19 Oct, 2009
Poor service is top grouse against real estate agents
By Jessica Cheam
UNSATISFACTORY service from property agents is the top complaint consumers have about them, says the Consumers Association of Singapore (Case).
New figures released to The Straits Times show about four out of 10 complaints in the past three years were due to agents failing to give proper advice or to carry out duties for consumers, such as submitting relevant documents.
The next most common type of complaint was failure to honour agreements. This made up 15per cent of complaints from January to September - up from just 3per cent of complaints in 2007.
Misrepresentation of facts forms about 7 to 8per cent of cases each year.
Other grouses from home buyers and sellers include agents overcharging for commission fees, misleading sales tactics and refunds, said Case executive director Seah Seng Choon.
Unclassified generic enquiries made up 16 to 29per cent of cases since 2007.
'Most of the time, we see cases where the agent failed to provide the necessary information, in one way or another, for consumers to make an informed choice,' said Mr Seah.
Such information, collected by Case since 2007, gives an insight into the nature of complaints about agents - a timely move, considering public feedback is being sought by the Government on a new plan to revamp the industry.
The Ministry of National Development (MND) announced proposals last week to improve the industry's professionalism, including setting up a new regulatory authority, an accredited industry body and an independent tribunal for dispute resolution.
The real estate sector has come under scrutiny after earning a 'cowboy' reputation in recent years for an increasing number of complaints against rogue agents, which has occurred in tandem with Singapore's property market boom.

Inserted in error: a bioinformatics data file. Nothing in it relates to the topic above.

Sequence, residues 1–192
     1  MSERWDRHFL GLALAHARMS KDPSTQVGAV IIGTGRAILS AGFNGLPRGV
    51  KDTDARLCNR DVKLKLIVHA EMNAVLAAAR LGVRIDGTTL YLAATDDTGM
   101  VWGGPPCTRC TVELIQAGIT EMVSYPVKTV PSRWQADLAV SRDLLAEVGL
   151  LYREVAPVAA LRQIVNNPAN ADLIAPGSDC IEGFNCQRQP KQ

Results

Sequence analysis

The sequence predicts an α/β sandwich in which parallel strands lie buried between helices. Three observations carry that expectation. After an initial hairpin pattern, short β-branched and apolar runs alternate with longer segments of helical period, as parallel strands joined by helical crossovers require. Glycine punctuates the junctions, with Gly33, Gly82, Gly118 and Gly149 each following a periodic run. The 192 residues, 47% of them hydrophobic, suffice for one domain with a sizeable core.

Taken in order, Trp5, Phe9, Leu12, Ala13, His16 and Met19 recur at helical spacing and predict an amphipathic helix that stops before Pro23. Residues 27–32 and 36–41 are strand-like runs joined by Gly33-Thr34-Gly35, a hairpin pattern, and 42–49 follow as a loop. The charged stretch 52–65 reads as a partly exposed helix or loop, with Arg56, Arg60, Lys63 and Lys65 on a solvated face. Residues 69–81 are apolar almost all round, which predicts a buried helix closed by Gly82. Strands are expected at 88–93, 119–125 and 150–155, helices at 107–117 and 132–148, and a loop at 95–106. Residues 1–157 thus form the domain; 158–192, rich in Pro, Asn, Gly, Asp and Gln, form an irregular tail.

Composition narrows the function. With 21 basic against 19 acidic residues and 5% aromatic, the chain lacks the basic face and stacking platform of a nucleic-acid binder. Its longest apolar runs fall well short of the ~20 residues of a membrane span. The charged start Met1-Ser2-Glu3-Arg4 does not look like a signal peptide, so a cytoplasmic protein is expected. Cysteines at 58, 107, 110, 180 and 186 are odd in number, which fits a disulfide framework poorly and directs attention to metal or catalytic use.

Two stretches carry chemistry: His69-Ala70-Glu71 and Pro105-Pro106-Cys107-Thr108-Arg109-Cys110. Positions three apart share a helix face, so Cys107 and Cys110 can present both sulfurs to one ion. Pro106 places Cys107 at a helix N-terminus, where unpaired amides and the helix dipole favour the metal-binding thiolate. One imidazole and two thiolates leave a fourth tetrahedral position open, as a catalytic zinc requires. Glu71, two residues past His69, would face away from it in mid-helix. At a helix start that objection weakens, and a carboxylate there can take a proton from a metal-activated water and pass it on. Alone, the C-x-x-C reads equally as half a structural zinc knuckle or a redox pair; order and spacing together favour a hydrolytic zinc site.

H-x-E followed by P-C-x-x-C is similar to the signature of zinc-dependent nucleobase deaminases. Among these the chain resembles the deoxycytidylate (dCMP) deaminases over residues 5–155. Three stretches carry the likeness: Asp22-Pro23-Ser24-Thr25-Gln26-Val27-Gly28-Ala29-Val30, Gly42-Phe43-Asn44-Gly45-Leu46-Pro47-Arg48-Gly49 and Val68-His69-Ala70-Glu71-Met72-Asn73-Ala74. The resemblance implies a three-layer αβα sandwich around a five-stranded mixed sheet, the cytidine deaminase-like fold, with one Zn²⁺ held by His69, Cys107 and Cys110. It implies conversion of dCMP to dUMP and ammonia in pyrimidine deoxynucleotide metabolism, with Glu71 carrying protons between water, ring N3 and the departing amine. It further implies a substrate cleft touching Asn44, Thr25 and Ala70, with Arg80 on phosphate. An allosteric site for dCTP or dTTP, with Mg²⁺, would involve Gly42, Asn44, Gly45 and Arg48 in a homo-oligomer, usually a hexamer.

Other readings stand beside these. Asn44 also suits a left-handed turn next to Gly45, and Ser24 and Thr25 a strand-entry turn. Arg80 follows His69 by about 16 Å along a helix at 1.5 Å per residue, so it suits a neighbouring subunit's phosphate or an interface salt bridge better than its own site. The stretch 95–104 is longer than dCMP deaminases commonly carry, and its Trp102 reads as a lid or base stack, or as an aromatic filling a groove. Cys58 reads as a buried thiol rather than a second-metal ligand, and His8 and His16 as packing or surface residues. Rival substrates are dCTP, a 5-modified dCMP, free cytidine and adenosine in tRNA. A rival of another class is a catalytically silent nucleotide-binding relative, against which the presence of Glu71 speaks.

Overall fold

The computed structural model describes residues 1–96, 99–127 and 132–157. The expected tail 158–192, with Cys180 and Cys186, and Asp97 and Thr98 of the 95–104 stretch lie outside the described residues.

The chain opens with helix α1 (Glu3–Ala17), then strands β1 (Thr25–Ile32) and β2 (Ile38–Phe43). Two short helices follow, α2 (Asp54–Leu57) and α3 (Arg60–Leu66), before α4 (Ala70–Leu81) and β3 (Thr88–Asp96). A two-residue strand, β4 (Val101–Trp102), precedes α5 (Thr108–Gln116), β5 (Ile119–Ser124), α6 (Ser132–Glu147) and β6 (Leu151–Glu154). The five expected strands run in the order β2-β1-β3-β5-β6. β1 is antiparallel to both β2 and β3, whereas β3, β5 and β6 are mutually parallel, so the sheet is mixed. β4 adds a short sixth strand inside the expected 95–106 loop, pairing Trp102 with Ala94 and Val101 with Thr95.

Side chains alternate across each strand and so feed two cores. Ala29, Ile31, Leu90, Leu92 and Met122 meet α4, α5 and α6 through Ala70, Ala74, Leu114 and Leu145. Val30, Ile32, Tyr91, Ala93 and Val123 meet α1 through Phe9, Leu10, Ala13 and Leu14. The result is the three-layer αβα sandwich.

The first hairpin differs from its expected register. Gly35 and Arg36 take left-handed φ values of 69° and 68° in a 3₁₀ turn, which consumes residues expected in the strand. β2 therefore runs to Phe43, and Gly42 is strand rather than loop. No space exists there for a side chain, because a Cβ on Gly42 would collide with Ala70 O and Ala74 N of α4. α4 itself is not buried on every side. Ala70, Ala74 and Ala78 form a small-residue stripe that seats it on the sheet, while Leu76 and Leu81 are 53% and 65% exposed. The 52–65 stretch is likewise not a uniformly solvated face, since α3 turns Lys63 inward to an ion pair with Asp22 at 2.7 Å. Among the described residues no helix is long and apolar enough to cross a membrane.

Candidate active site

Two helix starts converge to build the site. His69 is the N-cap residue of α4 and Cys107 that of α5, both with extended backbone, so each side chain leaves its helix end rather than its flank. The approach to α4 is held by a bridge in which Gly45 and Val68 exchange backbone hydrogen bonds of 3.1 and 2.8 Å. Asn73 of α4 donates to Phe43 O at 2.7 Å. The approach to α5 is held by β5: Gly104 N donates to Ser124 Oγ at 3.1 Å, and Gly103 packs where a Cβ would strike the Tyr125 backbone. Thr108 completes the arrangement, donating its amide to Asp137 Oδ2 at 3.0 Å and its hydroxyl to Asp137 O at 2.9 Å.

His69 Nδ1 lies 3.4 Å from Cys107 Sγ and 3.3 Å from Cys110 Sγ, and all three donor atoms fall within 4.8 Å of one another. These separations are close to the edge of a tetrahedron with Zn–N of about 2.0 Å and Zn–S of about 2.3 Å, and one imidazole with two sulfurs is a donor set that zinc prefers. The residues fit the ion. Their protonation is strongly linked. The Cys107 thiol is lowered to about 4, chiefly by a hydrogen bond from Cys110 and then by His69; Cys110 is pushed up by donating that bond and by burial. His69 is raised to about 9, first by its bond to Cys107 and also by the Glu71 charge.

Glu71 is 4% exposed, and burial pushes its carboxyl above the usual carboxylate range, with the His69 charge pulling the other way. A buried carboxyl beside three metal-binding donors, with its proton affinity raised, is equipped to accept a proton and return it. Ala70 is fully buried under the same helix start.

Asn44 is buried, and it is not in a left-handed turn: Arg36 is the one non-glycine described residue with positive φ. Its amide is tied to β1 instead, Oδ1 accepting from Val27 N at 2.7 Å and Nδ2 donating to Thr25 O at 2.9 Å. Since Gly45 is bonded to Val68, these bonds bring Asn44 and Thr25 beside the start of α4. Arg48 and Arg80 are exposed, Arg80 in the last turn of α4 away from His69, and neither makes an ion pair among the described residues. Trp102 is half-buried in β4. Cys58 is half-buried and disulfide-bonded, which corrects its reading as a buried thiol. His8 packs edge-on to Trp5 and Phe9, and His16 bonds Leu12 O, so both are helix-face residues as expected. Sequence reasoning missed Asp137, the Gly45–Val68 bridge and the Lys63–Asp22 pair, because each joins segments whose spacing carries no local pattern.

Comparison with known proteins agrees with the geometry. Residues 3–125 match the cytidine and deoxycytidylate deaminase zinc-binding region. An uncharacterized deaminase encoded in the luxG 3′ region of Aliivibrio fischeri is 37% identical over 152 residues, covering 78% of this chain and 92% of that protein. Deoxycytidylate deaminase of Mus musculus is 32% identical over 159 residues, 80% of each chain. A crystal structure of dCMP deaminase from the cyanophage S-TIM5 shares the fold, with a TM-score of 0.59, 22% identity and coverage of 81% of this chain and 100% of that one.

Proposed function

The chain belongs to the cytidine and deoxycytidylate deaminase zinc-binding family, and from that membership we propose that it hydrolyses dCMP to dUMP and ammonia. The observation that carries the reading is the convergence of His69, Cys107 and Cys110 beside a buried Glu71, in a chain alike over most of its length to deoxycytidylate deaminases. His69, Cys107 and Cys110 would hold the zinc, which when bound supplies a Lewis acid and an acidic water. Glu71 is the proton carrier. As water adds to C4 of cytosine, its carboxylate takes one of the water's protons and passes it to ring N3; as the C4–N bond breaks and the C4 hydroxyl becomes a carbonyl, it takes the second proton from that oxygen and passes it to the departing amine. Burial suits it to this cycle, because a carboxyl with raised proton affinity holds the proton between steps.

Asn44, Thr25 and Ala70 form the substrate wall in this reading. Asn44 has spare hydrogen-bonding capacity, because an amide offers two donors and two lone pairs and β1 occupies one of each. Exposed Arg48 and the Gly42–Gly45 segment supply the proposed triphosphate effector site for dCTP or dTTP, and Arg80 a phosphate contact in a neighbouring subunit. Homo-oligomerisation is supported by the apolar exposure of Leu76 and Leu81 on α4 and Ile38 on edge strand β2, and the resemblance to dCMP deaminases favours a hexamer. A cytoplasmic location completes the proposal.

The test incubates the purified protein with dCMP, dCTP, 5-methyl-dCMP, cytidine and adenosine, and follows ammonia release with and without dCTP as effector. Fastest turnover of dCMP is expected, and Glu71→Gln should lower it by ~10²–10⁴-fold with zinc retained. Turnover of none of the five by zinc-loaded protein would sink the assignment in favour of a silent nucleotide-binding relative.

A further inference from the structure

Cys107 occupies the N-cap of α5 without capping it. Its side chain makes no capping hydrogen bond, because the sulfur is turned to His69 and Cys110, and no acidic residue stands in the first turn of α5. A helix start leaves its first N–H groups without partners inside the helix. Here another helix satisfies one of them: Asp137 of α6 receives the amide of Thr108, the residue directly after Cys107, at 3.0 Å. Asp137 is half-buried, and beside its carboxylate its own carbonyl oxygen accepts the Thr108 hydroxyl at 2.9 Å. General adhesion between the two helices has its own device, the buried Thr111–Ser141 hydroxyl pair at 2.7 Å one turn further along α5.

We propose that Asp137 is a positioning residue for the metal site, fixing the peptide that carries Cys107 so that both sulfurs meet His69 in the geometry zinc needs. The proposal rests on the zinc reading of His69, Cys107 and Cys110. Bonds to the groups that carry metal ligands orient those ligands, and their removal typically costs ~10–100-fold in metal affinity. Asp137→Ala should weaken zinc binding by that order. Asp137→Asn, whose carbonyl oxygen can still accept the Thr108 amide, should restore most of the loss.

Case received 1,100 complaints last year and 1,055 cases in 2007, compared with just 379 cases in 2002 and 447 in 2003.
Some specific examples of unsatisfactory services rendered included agents not truthfully explaining the sales process, leaving out important documents such as valuation reports, or 'playing off' the buyer and seller for commissions, said Mr Seah.
In one case, a seller was asked to pay commission to a buyer's agent in addition to his own agent, because the buyer's agent claimed he had forfeited his commission in order to get the buyer to agree to pay a higher price. The seller later found out the agent received commission from both the seller and the buyer.
In another case, one seller, Ms Joanna Mak, a manager in her 30s, discovered that an agent had posed as a buyer and had requested a longer than usual period to exercise the option to purchase for the purpose of 'flipping' the property.
Another major complaint that falls under unsatisfactory service or misrepresentation: agents who represent both buyers and sellers, often seen in the HDB resale market.
The practice means the seller's agent often gets a commission from the buyer as well and may refuse to sell to a certain buyer if no commission can be paid.
This presents a conflict of interest and is so rampant that MND has proposed banning it.
But agents are defending their industry.
OrangeTee assistant associate director Monika Fischer, 50, says clients are sometimes to blame when disputes arise.
Ms Fischer, who specialises in rental homes, said that there are landlords who do not honour contracts signed and in some cases, refuse to pay commissions even after agents find a tenant.
'Clients also have to honour their contracts. And perhaps we should put a quota on the number of agents allowed in Singapore. Because it is so competitive, agents undercut themselves on fees and resort to unethical behaviour to survive,' she said.
Martin Koh/ Sherry Tang